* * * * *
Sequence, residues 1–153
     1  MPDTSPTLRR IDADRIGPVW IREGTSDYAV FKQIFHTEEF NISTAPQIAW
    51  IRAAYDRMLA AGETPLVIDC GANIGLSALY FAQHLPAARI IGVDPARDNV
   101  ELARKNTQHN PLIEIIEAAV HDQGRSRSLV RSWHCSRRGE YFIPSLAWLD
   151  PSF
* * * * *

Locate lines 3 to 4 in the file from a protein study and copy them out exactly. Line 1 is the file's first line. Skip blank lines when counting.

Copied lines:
    51  IRAAYDRMLA AGETPLVIDC GANIGLSALY FAQHLPAARI IGVDPARDNV
   101  ELARKNTQHN PLIEIIEAAV HDQGRSRSLV RSWHCSRRGE YFIPSLAWLD